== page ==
04/12/2018 | Press release | Distributed by Public on 04/12/2018 14:15
'The DEA is grateful for all of the federal law enforcement agencies that have committed to pursuing Rafael Caro‐Quintero until the moment he is captured and returned to his rightful place in prison,' said DEA Acting Administrator Robert W. Patterson. Kiki Camarena holds a special place in our hearts, and his sacrifice will always be remembered by the men and women of DEA who carry out our mission every day.'
'The U.S. Marshals remain steadfast in the pursuit of justice for our brother, DEA Special Agent Kiki Camarena,' said U.S. Marshals Associate Director for Operations Derrick Driscoll. 'We will continue to leverage all resources and work with our law enforcement partners here and in Mexico to develop the information that will lead to the capture of Rafael Caro-Quintero.'
'Our $20 million Narcotics Rewards Program offer reflects the State Department's commitment to the government‐wide effort to track down Caro‐Quintero,' said James Walsh, Deputy Assistant Secretary, Department of State. 'We're pleased to be using the rewards program to support this reinvigorated law enforcement effort and, at long last, bring this criminal to justice.'
Caro‐Quintero is widely regarded as one of the Mexican godfathers of drug trafficking and helped to form the Guadalajara Cartel in the late 1970s. Allegedly, he became one of the primary suppliers of heroin, cocaine, and marijuana to the U.S., and was in charge of the cartel in Costa Rica and the U.S./Mexico border.
In November of 1984, Mexican authorities raided a 2,500-acre marijuana plantation owned by Caro‐Quintero. The Guadalajara Cartel blamed Special Agent Camarena for the takedown and decided to retaliate.
Special Agent Camarena-a former Marine, fireman, police officer, and deputy sheriff-was extremely close to unlocking a million‐dollar drug pipeline from Mexico to the U.S. in 1985. Before he was able to expose the drug trafficking operations, he was kidnapped en route to lunch with his wife on February 7, 1985, in Guadalajara, Jalisco, Mexico. Allegedly, the direct orders for the kidnapping came from Caro‐Quintero. Camarena was surrounded by five armed men who threw him into a car, then sped away. It is believed that Camarena died within two to three days of his kidnapping, but his body was not found until March 5, 1985. Special Agent Camarena is survived by his wife and three sons.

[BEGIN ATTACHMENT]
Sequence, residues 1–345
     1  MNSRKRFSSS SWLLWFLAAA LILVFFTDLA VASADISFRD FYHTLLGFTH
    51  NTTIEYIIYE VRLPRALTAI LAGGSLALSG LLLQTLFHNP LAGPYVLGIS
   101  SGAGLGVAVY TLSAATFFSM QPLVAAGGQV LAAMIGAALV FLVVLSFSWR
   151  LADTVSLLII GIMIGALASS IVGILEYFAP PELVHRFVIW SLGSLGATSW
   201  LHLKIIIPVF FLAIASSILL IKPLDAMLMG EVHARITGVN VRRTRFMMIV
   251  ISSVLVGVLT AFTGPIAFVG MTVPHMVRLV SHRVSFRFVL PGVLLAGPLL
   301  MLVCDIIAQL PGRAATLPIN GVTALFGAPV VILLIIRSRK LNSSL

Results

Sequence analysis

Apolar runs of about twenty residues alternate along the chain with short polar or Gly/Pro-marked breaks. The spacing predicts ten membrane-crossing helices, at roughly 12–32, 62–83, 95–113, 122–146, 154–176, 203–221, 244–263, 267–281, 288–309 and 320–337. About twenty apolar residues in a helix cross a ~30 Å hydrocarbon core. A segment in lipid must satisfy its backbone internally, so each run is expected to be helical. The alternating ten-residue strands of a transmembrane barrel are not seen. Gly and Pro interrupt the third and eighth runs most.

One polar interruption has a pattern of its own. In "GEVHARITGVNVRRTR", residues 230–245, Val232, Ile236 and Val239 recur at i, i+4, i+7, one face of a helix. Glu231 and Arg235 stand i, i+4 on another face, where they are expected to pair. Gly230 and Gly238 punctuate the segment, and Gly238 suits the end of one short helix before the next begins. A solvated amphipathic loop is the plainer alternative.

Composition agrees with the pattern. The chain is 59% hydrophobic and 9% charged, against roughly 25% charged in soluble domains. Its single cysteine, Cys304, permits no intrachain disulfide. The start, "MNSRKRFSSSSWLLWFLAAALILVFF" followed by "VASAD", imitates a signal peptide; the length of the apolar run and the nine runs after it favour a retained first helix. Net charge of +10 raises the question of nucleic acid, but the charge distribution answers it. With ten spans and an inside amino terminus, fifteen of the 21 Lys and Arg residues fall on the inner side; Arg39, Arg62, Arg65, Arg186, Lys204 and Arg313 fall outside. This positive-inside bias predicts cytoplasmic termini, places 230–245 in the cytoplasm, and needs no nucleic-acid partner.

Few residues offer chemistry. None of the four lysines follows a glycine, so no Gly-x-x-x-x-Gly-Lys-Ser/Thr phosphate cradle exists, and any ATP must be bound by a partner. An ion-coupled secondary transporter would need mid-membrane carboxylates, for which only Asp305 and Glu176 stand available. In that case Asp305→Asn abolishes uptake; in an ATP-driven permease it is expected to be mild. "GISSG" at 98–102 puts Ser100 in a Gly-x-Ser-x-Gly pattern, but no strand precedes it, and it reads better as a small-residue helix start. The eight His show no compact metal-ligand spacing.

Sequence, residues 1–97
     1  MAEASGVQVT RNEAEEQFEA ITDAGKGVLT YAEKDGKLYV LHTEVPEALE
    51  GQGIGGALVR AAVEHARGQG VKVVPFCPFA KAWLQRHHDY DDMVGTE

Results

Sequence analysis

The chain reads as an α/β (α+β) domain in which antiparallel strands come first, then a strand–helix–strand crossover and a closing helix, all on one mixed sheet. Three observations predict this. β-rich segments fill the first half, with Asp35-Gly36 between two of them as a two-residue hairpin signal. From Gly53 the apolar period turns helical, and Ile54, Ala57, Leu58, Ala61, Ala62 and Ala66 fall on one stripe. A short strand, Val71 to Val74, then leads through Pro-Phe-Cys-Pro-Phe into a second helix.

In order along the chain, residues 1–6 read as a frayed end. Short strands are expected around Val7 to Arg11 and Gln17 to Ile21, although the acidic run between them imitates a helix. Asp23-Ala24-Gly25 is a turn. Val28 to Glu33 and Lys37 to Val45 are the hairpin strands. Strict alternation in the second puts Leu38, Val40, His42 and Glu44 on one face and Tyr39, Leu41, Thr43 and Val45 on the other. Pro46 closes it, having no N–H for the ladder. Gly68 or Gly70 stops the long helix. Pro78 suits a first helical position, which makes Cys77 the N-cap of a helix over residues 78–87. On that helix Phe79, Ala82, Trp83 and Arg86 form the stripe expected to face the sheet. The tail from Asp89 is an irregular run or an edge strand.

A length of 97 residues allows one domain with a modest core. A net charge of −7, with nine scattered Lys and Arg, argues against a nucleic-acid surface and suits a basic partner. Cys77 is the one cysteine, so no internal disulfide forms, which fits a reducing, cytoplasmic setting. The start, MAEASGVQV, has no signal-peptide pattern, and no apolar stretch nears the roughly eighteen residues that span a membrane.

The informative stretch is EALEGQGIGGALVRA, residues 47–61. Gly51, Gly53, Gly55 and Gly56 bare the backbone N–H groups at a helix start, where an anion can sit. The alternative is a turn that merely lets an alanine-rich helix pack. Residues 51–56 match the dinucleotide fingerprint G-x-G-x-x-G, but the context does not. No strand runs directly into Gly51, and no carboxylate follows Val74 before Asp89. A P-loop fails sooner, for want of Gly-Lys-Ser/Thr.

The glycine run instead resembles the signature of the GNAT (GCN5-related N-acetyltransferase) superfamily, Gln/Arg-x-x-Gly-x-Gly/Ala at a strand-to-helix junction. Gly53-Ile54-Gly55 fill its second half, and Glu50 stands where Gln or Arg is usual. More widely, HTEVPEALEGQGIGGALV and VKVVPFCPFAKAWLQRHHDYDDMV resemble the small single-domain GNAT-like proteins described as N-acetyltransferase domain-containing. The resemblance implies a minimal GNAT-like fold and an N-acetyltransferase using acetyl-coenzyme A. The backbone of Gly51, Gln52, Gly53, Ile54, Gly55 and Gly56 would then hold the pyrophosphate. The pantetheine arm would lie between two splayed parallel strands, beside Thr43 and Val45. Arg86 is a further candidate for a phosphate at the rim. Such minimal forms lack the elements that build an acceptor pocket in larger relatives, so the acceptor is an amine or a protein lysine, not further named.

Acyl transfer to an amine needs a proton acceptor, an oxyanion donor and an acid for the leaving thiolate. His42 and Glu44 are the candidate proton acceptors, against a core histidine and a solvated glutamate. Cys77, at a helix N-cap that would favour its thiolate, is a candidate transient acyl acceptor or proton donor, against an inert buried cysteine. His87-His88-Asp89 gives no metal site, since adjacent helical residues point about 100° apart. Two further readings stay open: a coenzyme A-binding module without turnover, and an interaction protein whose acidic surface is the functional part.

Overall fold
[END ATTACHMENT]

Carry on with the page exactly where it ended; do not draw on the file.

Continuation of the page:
On July 30, 1992, a federal arrest warrant was issued by the U.S. District Court, Central District of California, charging Caro‐Quintero with violent crimes in aid of racketeering, conspiracy to kidnap a federal agent, kidnapping of a federal agent, felony murder of a federal agent, aiding and abetting, and accessory after the fact.
The Department of State's Narcotics Rewards Program is offering a reward of up to $20 million for information leading to the arrest and/or conviction of Rafael Caro‐Quintero. Anyone with information concerning Caro‐Quintero should take no action themselves, but should immediately contact the nearest U.S. Embassy or Consulate.
Caro‐Quintero is described as follows:
Rafael Caro‐Quintero replaces Jesus Roberto Munguia on the Ten Most Wanted Fugitives list.
The FBI's Ten Most Wanted Fugitives list was established in March of 1950. Since then, 484 fugitives have been apprehended or located-162 of them as a result of citizen cooperation.
Tips may also be directed 1‐800‐CALL‐FBI (1‐800‐225‐5324), or can be submitted online at tips.fbi.gov.
Additional information concerning Caro‐Quintero, including his Wanted poster and the FBI's list of Ten Most Wanted Fugitives, can be found by visiting the FBI's website at www.fbi.gov.